Talking Dugs Article: The Jacarezinho Massacre and Lethal Drug Policy Enforcement in Brazil

It’s a Rio de Janeiro classic. Officers of the civil, military or army police make an incursion into a favela. They arrive in armoured vehicles, carrying assault rifles. Soon they issue a statement justifying their actions as necessary to stamp out illegal drug suppliers who “dominate” the area. They say that in order to tackle organised crime, you sometimes need to produce corpses and orphans in the process. It’s a drug war, and there are always casualties in war.

One day before the May 6 Jacarezinho Massacre, President Jair Bolsonaro met with Rio de Janeiro’s governor, Cláudio Castro, at the Palácio das Laranjeiras. I wonder if they talked about the operation that would become the deadliest in the long history of police violence in the Wonderful City.

In June 2020, the Brazilian Supreme Court had prohibited police raids in Rio’s favelas—due to the COVID-19 pandemic. By the next month, under the reduction in police incursions, the number of people fatally shot in favelas dropped 70 percent. Then police forces started ignoring the ruling.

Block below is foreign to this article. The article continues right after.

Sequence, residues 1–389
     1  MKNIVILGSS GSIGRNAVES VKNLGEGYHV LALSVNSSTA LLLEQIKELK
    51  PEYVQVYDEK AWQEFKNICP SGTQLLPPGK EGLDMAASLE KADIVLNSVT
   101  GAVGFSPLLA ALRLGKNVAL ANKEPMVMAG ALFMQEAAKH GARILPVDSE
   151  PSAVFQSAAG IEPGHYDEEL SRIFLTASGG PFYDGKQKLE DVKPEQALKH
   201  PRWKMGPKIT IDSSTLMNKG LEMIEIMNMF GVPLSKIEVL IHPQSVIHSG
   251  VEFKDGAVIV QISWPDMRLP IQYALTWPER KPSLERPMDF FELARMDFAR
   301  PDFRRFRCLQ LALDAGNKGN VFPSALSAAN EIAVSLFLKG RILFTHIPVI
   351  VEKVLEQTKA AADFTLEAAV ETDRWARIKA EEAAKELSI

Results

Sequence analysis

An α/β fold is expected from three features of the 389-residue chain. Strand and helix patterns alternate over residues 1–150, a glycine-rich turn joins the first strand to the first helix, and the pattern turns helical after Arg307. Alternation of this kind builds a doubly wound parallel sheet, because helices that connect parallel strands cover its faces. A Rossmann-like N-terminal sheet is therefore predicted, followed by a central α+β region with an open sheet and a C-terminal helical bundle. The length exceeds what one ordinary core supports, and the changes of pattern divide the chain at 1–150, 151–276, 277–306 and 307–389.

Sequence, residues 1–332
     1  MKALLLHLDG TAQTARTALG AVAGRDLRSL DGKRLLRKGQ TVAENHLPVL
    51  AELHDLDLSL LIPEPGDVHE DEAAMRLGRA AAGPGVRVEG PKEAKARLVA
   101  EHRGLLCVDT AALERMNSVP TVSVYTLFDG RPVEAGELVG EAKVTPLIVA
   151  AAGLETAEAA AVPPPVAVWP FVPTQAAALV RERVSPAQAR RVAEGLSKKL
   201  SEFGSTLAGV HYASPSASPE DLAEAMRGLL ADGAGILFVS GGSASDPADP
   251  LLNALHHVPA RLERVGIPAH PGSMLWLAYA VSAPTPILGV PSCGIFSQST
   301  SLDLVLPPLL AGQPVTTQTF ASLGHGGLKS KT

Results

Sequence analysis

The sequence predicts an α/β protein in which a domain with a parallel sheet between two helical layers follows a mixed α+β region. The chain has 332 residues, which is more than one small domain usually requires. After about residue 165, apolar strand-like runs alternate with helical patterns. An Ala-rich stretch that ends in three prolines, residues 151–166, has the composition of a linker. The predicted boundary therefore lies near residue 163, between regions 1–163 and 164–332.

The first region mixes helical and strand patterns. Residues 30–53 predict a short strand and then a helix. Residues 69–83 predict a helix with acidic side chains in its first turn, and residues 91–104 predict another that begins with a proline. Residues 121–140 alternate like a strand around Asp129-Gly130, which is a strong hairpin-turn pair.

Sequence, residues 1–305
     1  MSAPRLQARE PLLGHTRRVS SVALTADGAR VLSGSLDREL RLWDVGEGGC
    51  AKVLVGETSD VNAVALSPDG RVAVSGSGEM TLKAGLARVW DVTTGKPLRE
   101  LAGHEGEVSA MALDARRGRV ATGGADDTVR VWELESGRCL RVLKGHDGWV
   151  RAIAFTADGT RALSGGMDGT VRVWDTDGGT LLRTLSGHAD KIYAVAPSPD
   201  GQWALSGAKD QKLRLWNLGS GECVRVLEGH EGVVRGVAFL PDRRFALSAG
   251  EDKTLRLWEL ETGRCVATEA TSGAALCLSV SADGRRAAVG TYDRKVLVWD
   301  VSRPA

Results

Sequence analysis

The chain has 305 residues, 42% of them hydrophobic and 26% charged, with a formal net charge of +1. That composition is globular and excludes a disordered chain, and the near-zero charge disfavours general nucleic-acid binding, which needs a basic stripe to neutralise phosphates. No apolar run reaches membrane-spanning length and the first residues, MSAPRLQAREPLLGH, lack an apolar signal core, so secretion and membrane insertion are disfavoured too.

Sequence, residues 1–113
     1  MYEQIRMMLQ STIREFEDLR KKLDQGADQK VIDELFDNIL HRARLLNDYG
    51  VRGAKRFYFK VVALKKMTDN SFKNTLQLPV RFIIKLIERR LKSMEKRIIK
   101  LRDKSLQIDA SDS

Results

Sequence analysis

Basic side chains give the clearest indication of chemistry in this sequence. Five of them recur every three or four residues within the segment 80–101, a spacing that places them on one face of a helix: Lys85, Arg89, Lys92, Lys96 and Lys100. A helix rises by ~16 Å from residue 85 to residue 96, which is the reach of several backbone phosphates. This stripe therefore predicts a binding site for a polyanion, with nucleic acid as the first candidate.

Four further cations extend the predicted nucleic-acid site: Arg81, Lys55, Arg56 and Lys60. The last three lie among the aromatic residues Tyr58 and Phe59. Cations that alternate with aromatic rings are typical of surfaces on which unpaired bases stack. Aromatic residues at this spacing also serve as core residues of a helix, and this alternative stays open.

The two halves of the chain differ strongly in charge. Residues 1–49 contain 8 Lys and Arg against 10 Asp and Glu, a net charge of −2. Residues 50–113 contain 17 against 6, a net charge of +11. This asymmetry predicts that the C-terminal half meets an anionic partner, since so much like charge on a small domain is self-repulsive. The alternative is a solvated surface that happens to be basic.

The Jacarezinho Massacre exposed the current government’s necropolitics. Heavily-armed police officers entered a poor community and murdered at least 28 men in 10 different areas of the neighborhood. The vice president of the republic then dismissed the dead as “all thugs.” Bolsonaro called the victims “drug traffickers who steal, kill and destroy families,” and congratulated the police officers for a successful operation. Conservative media rushed to disclose the victims’ aliases and criminal records so that the public could shrug off the incident. The police surely had both the license and the duty to put these criminals down.

This disregard for life, human rights and the rule of law is legitimised through Bolsonaro’s antagonistic relationship with the Supreme Federal Court.

The Public Prosecutor’s Office of Rio de Janeiro, which usually fails to act in cases of police brutality, created a task force to investigate the massacre—but only after substantial pressure from human rights groups and the public opinion.

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